Provided by Buck Institute

Sloan Kettering Institute Scientists Solve a 100-year-old Mystery About Cancer (Medicine)

A long-standing mystery is why fast-growing cells, like cancer cells and immune cells, rely on a seemingly inefficient form of metabolizing glucose to power their activities. In a new study, scientists at the Sloan Kettering Institute offer a compelling solution.

The year 2021 marks the 100th anniversary of a fundamental discovery that’s taught in every biochemistry textbook. In 1921, German physician Otto Warburg observed that cancer cells harvest energy from glucose sugar in a strangely inefficient manner: rather than “burn” it using oxygen, cancer cells do what yeast do — they ferment it. This oxygen-independent process occurs quickly, but leaves much of the energy in glucose untapped.

MSK immunologist Ming Li

Various hypotheses to explain the Warburg effect have been proposed over the years, including the idea that cancer cells have defective mitochondria — their “energy factories” — and therefore cannot perform the controlled burning of glucose. But none of these explanations has withstood the test of time. (Cancer cells’ mitochondria work just fine, for example.)

Now a research team at the Sloan Kettering Institute led by immunologist Ming Li offers a new answer, based on a hefty set of genetic and biochemical experiments and published January 21 in the journal Science.

It comes down to a previously unappreciated link between Warburg metabolism and the activity of a powerhouse enzyme in the cell called PI3 kinase.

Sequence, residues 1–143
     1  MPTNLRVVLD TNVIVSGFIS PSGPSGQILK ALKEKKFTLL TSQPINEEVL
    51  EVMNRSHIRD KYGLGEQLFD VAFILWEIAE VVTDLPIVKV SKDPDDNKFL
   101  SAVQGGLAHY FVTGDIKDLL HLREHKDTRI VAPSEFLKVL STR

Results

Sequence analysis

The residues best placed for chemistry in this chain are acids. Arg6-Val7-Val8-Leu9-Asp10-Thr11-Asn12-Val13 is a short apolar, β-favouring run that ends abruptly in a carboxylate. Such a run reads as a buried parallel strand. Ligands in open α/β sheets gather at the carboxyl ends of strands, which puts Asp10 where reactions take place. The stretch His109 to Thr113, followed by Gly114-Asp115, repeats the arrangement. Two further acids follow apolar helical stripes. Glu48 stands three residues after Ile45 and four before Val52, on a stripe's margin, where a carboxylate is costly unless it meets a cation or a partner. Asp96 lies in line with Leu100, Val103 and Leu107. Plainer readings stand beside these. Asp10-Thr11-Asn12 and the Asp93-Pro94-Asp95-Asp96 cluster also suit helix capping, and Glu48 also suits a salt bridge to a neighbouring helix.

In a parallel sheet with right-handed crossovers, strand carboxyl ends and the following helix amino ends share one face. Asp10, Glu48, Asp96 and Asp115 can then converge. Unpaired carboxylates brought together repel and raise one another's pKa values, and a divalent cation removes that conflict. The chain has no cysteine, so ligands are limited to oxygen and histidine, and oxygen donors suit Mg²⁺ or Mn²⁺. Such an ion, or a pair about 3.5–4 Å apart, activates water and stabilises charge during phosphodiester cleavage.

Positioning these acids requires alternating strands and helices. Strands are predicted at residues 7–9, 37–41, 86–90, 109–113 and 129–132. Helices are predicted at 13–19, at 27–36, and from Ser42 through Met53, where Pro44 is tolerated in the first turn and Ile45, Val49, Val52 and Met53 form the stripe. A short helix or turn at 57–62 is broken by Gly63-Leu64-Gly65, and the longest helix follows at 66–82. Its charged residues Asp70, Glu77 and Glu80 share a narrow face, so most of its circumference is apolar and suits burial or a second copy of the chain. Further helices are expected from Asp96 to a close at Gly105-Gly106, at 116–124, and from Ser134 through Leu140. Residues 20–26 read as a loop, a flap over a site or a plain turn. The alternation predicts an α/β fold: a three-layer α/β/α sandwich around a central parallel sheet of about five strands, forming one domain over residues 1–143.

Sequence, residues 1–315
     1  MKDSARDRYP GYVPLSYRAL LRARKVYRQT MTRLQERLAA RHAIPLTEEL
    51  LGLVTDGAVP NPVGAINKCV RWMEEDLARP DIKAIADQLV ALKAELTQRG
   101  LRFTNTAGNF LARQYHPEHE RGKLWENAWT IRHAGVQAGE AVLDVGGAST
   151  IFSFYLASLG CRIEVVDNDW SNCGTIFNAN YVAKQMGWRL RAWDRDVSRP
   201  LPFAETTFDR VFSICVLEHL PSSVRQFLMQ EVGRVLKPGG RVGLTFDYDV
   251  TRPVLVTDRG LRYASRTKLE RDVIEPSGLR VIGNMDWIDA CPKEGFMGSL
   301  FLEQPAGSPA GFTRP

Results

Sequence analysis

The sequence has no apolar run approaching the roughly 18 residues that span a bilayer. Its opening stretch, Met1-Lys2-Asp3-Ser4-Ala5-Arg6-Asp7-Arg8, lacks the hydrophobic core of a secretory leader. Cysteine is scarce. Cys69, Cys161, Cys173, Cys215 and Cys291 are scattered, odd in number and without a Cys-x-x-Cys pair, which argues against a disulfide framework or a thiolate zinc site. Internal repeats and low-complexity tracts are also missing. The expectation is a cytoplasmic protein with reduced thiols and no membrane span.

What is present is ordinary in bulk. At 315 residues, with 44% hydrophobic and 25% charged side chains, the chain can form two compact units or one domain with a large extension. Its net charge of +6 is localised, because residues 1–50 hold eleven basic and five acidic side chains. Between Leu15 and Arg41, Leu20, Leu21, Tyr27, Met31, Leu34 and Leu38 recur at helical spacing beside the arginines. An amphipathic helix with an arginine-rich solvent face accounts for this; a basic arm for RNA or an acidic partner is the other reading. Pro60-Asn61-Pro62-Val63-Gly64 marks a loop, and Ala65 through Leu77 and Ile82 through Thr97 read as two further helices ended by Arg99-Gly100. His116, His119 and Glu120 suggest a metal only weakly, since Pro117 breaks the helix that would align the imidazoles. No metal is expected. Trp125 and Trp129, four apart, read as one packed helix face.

“PI3 kinase is a key signaling molecule that functions almost like a commander-in-chief of cell metabolism,” Dr. Li says. “Most of the energy-costly cellular events in cells, including cell division, occur only when PI3 kinase gives the cue.”

As cells shift to Warburg metabolism, the activity of PI3 kinase is increased, and in turn, the cells’ commitment to divide is strengthened. It’s a bit like giving the commander-in-chief a megaphone.

The findings revise the commonly accepted view among biochemists that sees metabolism as secondary to cell signaling. They also suggest that targeting metabolism could be an effective way to thwart cancer growth.

Challenging the Textbook View

Dr. Li and his team, including graduate student Ke Xu, studied Warburg metabolism in immune cells, which also rely on this seemingly inefficient form of metabolism. When immune cells are alerted to the presence of an infection, a certain type called T cells shift from the typical oxygen-burning form of metabolism to Warburg metabolism as they grow in number and ramp up infection-fighting machinery.

The key switch that controls this shift is an enzyme called lactate dehydrogenase A (LDHA), which is made in response to PI3 kinase signaling. As a result of this switch, glucose remains only partially broken down and the cell’s energy currency, called ATP, is quickly generated in the cell’s cytosol. (In contrast, when cells use oxygen to burn glucose, the partially broken down molecules travel to the mitochondria and are further broken down there to make ATP on a delay.)

Dr. Li and his team found that in mice, T cells lacking LDHA could not sustain their PI3 kinase activity, and as a result could not effectively fight infections. To Dr. Li and his team, this implied that this metabolic enzyme was controlling a cell’s signaling activity.

“The field has worked under the assumption that metabolism is secondary to growth factor signaling,” Dr. Li says. “In other words, growth factor signaling drives metabolism, and metabolism supports cell growth and proliferation. So the observation that a metabolic enzyme like LDHA could impact growth factor signaling through PI3 kinase really caught our attention.”

Like other kinases, PI3 kinase relies on ATP to do its work. Since ATP is the net product of Warburg metabolism, a positive feedback loop is set up between Warburg metabolism and PI3 kinase activity, securing PI3 kinase’s continued activity — and therefore cell division.